21. #1696
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    Jan 2016
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    Greg_o
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    Big ones down! This is kinda fun. Thanks again for the pointers. Fence and windows are still intact. Raspberries, along the back fence - well they good a mid winter prune.

  22. #1697
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    Dec 2003
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    Seattle
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    Quote Originally Posted by Thaleia View Post
    Big ones down! This is kinda fun. Thanks again for the pointers. Fence and windows are still intact. Raspberries, along the back fence - well they good a mid winter prune.

    Well done! This is coming from a guy who has worked aloft for almost 50 years.

  23. #1698
    Join Date
    Dec 2003
    Location
    Seattle
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    Exclamation

    Quote Originally Posted by bodywhomper View Post
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    I couldnít just drop this leader with a notch/hinge because it would have landed on my deck and roof. I rigged a cord into a notch, then through another notch on another leader, and a bunch of wraps around that pine. I did a ďsalamiĒ style cut with a bore cut leaving strap holding wood on top and bottom. It all got a bit complicated when my chain got pinched in the bore cut and I had to use my bigger saw (that needs a carb adjustment) to finish the job. The rigging worked great!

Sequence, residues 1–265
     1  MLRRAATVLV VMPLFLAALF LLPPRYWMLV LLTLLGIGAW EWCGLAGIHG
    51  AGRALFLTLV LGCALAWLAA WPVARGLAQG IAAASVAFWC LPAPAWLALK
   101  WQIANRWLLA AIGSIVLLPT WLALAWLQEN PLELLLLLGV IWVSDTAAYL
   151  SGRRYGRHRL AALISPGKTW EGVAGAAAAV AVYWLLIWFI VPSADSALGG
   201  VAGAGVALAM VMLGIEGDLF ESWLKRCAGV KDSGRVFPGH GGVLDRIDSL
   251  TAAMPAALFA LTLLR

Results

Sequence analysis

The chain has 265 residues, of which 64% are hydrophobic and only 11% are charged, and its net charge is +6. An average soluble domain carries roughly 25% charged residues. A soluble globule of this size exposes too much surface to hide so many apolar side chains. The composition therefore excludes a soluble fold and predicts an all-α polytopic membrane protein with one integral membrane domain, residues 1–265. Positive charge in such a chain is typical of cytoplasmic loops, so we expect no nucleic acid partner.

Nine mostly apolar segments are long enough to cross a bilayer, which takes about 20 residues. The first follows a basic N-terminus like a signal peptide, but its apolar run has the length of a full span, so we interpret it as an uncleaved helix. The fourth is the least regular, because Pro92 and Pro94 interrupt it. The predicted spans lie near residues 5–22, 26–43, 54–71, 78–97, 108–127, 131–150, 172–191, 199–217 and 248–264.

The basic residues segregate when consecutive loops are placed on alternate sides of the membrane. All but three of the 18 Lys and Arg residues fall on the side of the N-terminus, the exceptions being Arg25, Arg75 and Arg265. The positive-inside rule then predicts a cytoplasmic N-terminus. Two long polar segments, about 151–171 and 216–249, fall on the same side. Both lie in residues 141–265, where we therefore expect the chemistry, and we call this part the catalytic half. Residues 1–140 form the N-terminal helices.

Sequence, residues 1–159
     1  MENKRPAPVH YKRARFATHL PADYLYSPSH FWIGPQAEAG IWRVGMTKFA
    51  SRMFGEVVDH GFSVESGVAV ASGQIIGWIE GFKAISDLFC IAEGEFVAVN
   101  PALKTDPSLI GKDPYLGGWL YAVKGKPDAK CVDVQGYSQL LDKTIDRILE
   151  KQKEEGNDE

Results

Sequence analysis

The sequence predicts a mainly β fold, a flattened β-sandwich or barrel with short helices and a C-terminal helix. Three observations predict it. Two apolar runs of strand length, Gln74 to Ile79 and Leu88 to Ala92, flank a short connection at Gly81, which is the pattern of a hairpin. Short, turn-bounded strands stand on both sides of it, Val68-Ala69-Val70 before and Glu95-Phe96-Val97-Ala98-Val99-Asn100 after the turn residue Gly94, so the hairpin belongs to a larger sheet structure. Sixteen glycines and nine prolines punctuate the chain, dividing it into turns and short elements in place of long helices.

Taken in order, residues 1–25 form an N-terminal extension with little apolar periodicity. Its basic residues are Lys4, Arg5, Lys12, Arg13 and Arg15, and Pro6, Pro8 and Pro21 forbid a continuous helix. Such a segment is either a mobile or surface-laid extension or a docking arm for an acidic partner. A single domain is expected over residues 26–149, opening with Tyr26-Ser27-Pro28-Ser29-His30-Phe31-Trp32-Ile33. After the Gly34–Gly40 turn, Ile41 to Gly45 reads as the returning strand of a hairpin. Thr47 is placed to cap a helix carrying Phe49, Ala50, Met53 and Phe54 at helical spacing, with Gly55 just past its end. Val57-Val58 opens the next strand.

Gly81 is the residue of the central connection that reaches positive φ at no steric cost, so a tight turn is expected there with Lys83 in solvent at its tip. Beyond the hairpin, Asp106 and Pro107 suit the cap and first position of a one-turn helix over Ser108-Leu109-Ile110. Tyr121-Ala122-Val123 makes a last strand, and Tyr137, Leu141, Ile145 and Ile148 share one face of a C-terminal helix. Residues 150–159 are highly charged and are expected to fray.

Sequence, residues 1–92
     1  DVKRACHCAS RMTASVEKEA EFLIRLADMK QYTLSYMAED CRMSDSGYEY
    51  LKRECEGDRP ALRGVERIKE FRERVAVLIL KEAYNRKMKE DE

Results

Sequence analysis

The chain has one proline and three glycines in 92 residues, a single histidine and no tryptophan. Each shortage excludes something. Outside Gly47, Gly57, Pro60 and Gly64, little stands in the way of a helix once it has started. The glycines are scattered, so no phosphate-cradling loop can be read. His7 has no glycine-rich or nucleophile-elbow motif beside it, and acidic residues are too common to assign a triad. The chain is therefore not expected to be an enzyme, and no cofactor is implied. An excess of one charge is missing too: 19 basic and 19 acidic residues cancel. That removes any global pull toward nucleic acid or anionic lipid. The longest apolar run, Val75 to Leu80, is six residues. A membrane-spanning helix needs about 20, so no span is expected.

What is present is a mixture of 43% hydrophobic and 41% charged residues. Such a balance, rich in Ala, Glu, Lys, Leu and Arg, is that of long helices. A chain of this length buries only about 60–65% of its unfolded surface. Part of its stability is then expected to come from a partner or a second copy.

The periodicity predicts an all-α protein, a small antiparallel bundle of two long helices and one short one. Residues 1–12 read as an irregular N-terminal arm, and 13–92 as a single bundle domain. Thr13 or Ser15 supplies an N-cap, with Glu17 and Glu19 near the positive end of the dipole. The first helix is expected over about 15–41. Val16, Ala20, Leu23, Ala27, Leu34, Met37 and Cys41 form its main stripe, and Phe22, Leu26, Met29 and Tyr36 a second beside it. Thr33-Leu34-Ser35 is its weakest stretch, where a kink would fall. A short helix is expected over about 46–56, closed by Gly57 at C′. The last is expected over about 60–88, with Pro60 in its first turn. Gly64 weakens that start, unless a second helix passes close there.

Excellent. I've hung many a storm leaner, and angle/salami cut the base.... some as large as 100' plus. I then repeat the process, cutting sections off the butt, until the top can be laid out. Often, the process takes hours, at least two groundies running the lines. A $2800 lowering device, maybe another bollard device for friction, and as many as three ropes, and 1-2 rigging blocks....no trunk wraps, of course. My main line (250' -- cost over $900--yikes!) for tip tying big stuff is rated at 31000 lb tensile at 9/16th... it has a HMWPE spectra (plasma, by PS Ropes) core..zero stretch so not to be shock loaded. Any dynamic loads, we then use lines up to 3/4" rated at ~22k lb.